Barbara Jordan’s 1976 DNC speech , Black history, Women’s history, LGBTQ history getting made, all at once

With HRC’s presumptive nominee status, people have been remember Shirley Chisolm, who was the first woman to run for president (in 1972). These conversations, and the upcoming convention, have me thinking about Barbara Jordan. I remember her 1976 convention speech like it was yesterday: I was only just in elementary school, but my father was a local politician and he watched the conventions, both sides, obsessively. I thus did, too. To a little kid with a bad stutter and poor diction, she lit up my mind.

Barbara Jordan’s speech was a work of art. And I loved it: I loved the way crowd came alive. I loved the Texas theme song. I loved her pastel mint suit with the unapologetically frilly neck doodad. I loved how the crowd loved.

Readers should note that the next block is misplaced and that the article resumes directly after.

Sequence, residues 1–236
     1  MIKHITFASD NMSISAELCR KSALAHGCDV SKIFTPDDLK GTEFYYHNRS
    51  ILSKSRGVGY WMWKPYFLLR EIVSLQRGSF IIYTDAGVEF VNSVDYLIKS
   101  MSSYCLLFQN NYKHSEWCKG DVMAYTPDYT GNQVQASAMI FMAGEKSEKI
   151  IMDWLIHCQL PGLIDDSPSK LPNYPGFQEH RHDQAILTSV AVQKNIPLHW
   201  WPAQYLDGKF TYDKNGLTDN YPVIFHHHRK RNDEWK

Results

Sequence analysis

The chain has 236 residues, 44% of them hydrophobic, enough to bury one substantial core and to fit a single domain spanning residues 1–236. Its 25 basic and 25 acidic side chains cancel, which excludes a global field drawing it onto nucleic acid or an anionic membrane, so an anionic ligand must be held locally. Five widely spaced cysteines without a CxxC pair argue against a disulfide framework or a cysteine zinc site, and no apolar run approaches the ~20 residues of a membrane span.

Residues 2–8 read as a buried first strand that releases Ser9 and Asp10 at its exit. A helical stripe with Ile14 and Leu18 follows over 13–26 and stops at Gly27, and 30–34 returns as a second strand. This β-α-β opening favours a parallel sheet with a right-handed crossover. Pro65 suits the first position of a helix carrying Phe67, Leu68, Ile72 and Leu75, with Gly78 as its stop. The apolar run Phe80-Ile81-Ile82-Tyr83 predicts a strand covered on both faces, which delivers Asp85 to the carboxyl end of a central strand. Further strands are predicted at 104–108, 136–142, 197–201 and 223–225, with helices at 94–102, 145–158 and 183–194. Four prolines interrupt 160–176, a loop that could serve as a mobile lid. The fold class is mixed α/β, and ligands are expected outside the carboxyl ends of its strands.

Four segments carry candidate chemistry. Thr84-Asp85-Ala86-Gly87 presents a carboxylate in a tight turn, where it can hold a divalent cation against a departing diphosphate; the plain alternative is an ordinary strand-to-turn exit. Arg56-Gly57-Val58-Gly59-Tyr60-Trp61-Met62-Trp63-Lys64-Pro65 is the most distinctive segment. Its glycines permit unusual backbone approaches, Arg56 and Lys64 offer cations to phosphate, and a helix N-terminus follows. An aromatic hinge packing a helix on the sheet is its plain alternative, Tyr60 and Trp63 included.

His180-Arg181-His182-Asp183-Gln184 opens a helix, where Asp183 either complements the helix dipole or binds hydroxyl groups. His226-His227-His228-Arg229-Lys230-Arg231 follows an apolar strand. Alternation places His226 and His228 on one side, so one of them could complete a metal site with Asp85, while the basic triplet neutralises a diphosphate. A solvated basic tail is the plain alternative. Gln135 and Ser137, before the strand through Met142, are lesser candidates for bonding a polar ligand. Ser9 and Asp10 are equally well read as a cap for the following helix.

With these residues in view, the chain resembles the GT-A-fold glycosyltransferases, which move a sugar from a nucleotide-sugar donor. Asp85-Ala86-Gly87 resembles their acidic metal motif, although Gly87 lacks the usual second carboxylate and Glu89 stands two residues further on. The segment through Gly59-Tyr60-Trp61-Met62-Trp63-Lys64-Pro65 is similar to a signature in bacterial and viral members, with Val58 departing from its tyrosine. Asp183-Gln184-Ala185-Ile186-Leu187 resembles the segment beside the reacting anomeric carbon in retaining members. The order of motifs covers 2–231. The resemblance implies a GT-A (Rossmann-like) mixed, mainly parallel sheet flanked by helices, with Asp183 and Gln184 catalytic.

I still make my students in my social policy class watch the speech because it wasn’t always shameful to discuss the welfare state in American politics, and people should see and remember the work of Black of politicians. I still point people to it whenever I can because she was incredible. It’s also good to remind people that many of the problems we think we only have today have been with us awhile.

Less well known is that Ms. Jordan seems to have had a lifelong partner, which makes me happy.

She only lived another 19 years after this speech, which she gave when she was 40. Too young, damn it. Neither she nor Representative Chisolm lived to see President Obama in the Oval Office, which makes me sad, because they helped him get there.

It was a historic moment, it was a very good vision for the welfare state, and she was magnificent:

Part I

Part II

Part III